Title designer and director Erin Sarofsky notes that the Animal Kingdom’s creators, John Wells and Jonathan Lisco, first explained the television show’s complicated dynamic. “They emphasized it being more than a family drama, describing how the humor, the Oedipal complex underlying the characters’ relationships, and the complexity of each individual character—including the tension, love and codependency they all share—impacts all aspects of the lives portrayed in their series,” Sarofsky says.
With just 60 seconds to explore these fascinating relationships, Chicago-based production agency Sarofsky used the tattooing process that the show’s matriarch, Smurf—played by actress Ellen Barkin—endures as a powerful metaphor, interweaving this with scenes distilling her boys’ childhoods and their transitions to manhood. Jarring imagery intentionally juxtaposes emotions with adult sexuality and masculinity. Codirector and lead artist at Sarofsky, Duarte Elvas, sees the piece as portraying a memory, “with all its nonlinear narrative qualities.”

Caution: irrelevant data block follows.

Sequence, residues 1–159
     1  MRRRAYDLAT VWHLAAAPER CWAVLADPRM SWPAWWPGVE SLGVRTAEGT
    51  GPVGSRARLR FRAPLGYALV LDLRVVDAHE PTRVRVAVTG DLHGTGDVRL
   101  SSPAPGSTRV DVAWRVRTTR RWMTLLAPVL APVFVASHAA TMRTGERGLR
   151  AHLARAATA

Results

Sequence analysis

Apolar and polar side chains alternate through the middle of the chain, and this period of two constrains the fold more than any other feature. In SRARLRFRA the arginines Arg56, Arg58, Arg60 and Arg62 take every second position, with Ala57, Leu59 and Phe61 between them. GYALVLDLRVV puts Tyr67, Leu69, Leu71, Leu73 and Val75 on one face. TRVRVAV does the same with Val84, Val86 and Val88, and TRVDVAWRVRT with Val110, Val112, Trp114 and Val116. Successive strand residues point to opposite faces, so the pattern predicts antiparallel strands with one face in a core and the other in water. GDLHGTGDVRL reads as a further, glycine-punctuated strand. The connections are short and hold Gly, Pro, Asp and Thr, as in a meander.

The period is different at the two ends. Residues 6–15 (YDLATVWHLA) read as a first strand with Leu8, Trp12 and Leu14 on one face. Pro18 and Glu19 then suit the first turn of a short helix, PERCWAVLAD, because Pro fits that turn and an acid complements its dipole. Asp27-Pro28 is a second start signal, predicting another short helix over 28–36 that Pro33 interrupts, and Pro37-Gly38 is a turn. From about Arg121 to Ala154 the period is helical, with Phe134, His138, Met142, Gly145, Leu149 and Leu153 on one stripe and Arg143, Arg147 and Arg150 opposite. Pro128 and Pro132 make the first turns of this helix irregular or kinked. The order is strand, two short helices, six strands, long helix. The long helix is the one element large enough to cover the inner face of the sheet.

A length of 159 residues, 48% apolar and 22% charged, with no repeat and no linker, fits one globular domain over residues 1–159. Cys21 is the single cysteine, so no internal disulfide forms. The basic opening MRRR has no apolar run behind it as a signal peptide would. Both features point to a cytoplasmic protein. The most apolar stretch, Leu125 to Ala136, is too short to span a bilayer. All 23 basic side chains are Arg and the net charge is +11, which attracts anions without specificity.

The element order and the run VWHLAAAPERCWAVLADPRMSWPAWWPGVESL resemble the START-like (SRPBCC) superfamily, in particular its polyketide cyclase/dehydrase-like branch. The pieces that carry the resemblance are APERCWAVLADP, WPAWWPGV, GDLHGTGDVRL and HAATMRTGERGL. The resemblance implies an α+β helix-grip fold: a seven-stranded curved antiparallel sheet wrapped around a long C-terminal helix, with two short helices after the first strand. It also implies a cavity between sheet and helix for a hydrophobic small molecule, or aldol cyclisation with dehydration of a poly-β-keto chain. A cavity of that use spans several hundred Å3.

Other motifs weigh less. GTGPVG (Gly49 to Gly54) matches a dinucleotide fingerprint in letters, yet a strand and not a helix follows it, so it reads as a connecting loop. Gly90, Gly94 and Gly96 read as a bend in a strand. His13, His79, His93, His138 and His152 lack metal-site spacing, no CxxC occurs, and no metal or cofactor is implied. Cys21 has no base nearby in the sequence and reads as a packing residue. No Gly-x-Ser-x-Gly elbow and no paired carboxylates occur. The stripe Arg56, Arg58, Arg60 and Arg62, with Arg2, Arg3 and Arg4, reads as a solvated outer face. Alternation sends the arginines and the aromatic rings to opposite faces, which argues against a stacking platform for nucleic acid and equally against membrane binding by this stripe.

“I love how the tattoo story threads together flashbacks and flash-forwards. They evoke different sensations and metaphors, ultimately reflecting all the characters and their relationships,” Elvas says. Along with the tremendous artistry required to produce the live-action elements, equal amounts of passion and energy went into the opening’s post-production craftsmanship. “I admire where Erin and her team affected the footage with a grainy, ‘stumble’ effect," says editor Josh Bodnar. And it goes without saying that Academy Award–winning musician, composer, producer and audio engineer Atticus Ross created music that adds a dynamic audio component to the opening’s theme of juxtaposition.